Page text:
By Jonathan Gault
Sam Ponto should have been working that day. But he’d hurt his hand a few days earlier, which had kept him at home in Baldwinsville instead of going in to work his job as a mechanic for Centro in Syracuse.
So Sam was the one tasked with putting his three-year-old son, Joey, down for a nap on that August day several years ago. A nap seemed pretty appealing to Sam too; he nodded off in his own bedroom next door to Joey’s.
And then it happened.
Sam woke up when he heard Joey breathing louder than usual. He went in to check on his son and found vomit on the floor.
“Joe, can you hear me?” Sam asked desperately.
“Yeah,” Joey replied.
But the boy’s eyes were fluttering and he was looking past his father, off into the distance. Sam’s wife, Cathy, arrived home a few minutes later and dialed 911.
“By the time he got in the ambulance, he was not responding at all,” Cathy Ponto said. “When we got to the hospital, they said, ‘Oh no, it’s a full-blown seizure.’ And it took over an hour before they got it to stop. That was horrific.”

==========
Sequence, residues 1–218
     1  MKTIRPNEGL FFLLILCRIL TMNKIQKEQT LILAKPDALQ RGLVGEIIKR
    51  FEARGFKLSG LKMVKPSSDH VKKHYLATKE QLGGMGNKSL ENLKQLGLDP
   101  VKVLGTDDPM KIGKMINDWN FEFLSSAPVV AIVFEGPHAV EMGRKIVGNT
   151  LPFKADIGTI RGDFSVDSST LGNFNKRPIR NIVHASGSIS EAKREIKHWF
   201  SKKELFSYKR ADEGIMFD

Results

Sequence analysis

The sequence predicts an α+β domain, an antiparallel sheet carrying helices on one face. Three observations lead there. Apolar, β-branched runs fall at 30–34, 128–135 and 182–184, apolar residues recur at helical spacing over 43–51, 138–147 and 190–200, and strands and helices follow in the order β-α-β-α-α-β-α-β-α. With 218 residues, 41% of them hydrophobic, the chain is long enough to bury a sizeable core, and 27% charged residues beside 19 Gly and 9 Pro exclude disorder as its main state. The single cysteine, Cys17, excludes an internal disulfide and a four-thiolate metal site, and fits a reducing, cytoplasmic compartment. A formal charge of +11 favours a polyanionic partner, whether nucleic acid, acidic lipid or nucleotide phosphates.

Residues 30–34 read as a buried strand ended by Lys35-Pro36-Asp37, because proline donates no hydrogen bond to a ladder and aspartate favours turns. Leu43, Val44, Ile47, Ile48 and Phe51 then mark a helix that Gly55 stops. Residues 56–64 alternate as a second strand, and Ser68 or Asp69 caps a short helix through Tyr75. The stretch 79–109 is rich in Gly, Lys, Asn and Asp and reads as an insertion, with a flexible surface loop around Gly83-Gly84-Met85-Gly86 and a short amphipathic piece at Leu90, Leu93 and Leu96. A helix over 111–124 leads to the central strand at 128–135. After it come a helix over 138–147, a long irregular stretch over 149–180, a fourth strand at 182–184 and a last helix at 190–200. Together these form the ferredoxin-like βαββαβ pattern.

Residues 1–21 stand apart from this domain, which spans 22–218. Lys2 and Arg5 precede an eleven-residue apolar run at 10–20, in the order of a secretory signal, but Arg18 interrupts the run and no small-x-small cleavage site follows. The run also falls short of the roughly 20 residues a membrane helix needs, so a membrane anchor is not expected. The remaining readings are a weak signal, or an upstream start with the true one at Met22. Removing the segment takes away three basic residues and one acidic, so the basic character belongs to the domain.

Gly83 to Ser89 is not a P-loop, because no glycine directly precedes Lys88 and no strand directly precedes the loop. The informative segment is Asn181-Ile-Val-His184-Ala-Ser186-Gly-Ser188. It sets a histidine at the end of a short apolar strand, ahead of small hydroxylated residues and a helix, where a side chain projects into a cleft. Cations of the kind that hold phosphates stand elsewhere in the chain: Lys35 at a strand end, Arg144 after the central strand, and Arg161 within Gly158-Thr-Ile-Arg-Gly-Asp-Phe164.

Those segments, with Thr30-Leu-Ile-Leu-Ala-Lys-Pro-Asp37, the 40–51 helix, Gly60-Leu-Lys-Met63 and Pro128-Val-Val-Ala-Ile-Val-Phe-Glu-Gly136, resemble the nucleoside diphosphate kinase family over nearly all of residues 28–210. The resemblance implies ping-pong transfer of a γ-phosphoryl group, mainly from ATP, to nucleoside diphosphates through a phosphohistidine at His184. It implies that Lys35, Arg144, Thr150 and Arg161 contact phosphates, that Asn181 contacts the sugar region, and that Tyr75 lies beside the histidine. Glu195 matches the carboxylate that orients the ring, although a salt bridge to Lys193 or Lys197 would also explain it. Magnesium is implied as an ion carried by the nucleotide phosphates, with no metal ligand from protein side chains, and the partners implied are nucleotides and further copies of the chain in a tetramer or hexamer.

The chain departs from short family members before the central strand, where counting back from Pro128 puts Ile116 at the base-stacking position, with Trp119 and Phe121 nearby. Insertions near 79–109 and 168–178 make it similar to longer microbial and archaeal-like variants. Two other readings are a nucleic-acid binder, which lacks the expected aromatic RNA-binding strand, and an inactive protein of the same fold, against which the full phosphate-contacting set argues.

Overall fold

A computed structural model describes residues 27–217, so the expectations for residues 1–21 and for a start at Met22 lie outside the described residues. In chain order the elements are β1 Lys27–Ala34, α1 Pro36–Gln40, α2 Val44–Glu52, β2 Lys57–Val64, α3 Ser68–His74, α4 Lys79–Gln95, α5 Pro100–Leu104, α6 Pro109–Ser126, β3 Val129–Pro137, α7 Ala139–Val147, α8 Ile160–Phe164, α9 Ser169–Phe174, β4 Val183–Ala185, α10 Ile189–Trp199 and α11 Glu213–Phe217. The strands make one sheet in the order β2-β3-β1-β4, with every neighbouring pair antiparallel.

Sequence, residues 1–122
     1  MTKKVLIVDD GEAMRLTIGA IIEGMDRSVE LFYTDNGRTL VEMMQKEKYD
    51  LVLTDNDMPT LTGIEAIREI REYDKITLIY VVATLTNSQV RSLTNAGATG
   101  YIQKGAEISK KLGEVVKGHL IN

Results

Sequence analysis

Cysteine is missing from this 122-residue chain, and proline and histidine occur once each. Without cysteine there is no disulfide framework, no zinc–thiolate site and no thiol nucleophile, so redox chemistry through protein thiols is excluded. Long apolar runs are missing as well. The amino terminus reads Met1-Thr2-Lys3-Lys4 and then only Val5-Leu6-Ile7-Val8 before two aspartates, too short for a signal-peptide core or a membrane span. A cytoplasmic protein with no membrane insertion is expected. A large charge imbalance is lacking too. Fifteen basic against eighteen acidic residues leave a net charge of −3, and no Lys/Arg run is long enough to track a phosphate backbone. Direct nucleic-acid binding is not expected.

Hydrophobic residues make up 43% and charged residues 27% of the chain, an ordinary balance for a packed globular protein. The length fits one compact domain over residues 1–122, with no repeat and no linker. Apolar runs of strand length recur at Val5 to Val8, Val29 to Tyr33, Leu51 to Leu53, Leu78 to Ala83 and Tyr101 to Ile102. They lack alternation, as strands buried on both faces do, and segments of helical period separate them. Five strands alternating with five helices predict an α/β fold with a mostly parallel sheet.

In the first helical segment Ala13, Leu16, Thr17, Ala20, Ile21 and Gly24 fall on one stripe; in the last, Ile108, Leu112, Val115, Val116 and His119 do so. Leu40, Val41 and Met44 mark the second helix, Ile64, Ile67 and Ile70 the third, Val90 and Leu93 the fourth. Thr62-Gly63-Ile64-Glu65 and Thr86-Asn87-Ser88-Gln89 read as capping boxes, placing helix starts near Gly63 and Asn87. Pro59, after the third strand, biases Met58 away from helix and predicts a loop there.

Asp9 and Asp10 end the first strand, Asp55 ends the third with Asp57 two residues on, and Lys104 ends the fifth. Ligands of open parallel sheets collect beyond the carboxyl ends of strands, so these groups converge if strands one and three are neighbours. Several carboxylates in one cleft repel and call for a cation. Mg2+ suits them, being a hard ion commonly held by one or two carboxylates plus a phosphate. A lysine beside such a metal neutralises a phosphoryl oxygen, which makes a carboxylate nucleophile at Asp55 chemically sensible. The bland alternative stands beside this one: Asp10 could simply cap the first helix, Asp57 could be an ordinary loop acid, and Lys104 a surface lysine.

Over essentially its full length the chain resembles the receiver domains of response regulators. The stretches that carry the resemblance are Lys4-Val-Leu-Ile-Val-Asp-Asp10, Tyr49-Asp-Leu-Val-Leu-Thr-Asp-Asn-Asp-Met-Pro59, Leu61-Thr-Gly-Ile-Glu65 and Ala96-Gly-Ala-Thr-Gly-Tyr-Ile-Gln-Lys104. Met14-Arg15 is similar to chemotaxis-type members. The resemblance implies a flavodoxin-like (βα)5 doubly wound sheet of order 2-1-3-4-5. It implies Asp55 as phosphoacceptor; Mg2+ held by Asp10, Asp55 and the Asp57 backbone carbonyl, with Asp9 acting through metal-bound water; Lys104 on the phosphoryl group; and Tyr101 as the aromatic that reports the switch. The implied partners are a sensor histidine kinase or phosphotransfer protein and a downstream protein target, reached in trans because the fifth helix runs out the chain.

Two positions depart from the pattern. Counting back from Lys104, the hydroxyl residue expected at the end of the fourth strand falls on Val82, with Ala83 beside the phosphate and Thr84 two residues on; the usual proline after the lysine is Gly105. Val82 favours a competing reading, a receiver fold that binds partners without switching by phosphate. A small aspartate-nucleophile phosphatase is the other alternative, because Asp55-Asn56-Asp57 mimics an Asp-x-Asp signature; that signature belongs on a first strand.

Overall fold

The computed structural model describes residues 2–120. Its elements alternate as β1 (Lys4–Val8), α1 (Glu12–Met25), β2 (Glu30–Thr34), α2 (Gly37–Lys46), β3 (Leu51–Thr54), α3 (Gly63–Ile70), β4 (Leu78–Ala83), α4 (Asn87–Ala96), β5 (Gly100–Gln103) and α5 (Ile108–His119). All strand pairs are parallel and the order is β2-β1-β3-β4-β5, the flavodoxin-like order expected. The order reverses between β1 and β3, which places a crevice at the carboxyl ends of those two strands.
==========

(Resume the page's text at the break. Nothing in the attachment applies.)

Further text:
Joey’s seizure was just another reminder that everything changes when you give birth to a premature child.
Joey is nine now, but he still feels the effects of being born 12 weeks premature. He had heart surgery at just three days old. Shortly afterwards, Joey was diagnosed with hydrocephalus after hemorrhaging in his brain clotted and prevented the surrounding water from draining properly. He had to have a shunt inserted to drain the fluid and will require one for the rest of his life.
The Pontos hope that most of Joey’s medical problems are over for now. He spent much of the summer of 2011 in the hospital because of a cyst on the fourth ventricle in his brain, but he’s been healthy for the past few years, with no significant time in the hospital.